Hot List: Wall Street Journal’s Bestselling Hardcover Business Books

October 17, 2011 - by: Celeste Blackburn 0 COMMENTS

The following is a list of the bestselling hardcover business books as ranked by the Wall Street Journal with data from Nielsen BookScan.

1. Boomerang: Travels in the New Third World by Michael Lewis. The Vanity Fair writer and author of The Big Short: Inside the Doomsday Machine and Liar’s Poker gives a guided tour through some of the disparate places hard hit by the fiscal tsunami of 2008, like Greece, Iceland and Ireland, tracing how very different people for very different reasons gorged on the cheap credit available in the prelude to that disaster

2. StrengthsFinder 2.0: A New and Upgraded Edition of the Online Test from Gallup’s Now, Discover Your Strengths by Tom Rath. Are you unsure where your true talents lie? Do you feel that you are both a person who gets things done and someone who offers penetrating analysis? Well, you can discover whether you are truly an “achiever” or an “analytical” by completing the online quiz. Then, the book will give you “ideas for action” and tips for how best you can work with others. More of a patiencetester than Strengthsfinder, the quiz/book is probably best for those who have lots of time on their hands.

3. The Ultimate Question 2.0 (Revised and Expanded Edition): How Net Promoter Companies Thrive in a Customer-Driven World by Fred Reichheld. Shows how practitioners have built Net Promoter into a full-fledged management system that drives extraordinary financial and competitive results.

4. EntreLeadership: 20 Years of Practical Business Wisdom from the Trenches by Dave Ramsey. Step-by-step guidance to grow your business where you want it to go.

5. How: Why How We Do Anything Means Everything…in Business (and in Life) by Dov Seidman. Today’s world is growing more transparent and data-driven, which is why yielding to the age-old temptation to cut corners when it comes to ethics is now more dangerous than ever, Seidman says. He lays out a game plan intended to teach companies how to outbehave their competitors—and win.

6. The Price of Civilization: Reawakening American Virtue and Prosperity by Jeffrey Sachs. Offers a diagnosis of our country’s economic ills and an urgent call for Americans to restore the virtues of fairness, honesty, and foresight as the foundations of national prosperity.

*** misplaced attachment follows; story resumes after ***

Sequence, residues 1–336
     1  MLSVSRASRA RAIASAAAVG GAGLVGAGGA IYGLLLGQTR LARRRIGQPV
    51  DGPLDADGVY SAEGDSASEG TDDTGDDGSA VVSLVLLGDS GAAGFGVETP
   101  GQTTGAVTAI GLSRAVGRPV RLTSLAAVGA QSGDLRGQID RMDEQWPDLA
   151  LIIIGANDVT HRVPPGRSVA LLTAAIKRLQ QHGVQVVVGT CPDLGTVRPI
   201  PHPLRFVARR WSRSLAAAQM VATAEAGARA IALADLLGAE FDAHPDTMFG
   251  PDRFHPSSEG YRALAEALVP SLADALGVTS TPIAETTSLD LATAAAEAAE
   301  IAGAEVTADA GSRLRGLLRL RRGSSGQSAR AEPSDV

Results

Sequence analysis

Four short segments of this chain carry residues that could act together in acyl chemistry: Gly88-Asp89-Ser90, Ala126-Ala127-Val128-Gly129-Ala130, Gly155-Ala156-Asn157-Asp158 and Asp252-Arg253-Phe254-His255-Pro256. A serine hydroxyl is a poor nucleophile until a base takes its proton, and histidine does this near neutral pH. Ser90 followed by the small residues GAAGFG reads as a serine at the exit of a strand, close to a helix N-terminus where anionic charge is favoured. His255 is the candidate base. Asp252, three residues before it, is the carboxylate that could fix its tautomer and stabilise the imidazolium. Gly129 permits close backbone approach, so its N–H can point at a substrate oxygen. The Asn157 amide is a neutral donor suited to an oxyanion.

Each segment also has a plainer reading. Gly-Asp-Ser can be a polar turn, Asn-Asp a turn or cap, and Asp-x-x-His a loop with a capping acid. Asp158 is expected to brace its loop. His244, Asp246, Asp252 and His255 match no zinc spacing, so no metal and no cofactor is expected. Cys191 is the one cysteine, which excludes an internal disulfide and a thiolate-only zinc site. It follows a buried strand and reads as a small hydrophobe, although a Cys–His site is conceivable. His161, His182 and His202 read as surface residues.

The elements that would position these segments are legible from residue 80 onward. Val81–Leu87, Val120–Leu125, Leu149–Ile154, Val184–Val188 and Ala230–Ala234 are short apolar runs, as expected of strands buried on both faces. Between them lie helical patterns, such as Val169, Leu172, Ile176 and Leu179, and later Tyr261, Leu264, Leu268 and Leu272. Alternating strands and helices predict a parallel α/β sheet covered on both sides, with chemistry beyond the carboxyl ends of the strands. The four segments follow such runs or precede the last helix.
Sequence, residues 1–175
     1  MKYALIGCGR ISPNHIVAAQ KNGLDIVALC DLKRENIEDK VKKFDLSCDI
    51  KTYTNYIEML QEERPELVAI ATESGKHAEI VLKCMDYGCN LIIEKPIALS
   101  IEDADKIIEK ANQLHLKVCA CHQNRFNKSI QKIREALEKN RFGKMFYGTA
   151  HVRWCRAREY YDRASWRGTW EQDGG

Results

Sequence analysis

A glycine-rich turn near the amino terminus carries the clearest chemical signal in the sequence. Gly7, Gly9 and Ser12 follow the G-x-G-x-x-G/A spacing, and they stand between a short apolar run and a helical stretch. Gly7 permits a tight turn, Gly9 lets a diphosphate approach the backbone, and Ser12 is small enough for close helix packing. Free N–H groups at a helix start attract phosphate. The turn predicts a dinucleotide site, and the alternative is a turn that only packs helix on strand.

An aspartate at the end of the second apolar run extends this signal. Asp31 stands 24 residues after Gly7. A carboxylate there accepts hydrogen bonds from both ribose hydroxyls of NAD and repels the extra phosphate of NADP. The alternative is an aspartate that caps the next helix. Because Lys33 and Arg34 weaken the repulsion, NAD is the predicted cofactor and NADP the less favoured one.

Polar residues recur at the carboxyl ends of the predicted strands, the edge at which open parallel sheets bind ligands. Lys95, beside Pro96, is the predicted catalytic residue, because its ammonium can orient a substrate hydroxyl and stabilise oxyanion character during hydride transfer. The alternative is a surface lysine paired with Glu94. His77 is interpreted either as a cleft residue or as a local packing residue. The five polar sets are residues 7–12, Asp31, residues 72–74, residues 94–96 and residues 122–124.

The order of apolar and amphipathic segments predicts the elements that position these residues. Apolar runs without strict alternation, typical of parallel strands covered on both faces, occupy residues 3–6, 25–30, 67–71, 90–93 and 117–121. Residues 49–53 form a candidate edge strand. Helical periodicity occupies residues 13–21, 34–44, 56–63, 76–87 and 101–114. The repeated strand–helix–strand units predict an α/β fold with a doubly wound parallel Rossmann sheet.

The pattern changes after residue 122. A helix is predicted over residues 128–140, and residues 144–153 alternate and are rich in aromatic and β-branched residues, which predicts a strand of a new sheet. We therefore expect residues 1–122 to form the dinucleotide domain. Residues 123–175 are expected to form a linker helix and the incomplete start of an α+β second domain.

7. Switch: How to Change Things When Change Is Hard by Dan Heath and Chip Heath. The Heath brothers (coauthors of Made to Stick: Why Some Ideas Survive and Others Die) address motivating employees, family members, and ourselves in their analysis of why we too often fear change.

8. The Five Dysfunctions of a Team: A Leadership Fable by Patrick Lencioni. The author targets group behavior in the final entry of his trilogy of corporate fables. When the instructional tale is over, Lencioni discusses the “five dysfunctions” (absence of trust, fear of conflict, lack of commitment, avoidance of accountability, and inattention to results) and provides a questionnaire for readers to use in evaluating their own teams and specifics to help them understand and overcome these common shortcomings.

9. The 5 Levels of Leadership: Proven Steps to Maximize Your Potential by John C. Maxwell. Shows you how to master each level of leadership and rise up to the next to become a more influential, respected, and successful leader.

10.  The Total Money Makeover: A Proven Plan for Financial Fitness by Dave Ramsey. Debt reduction and fiscal fitness for families, by the radio talk-show host.

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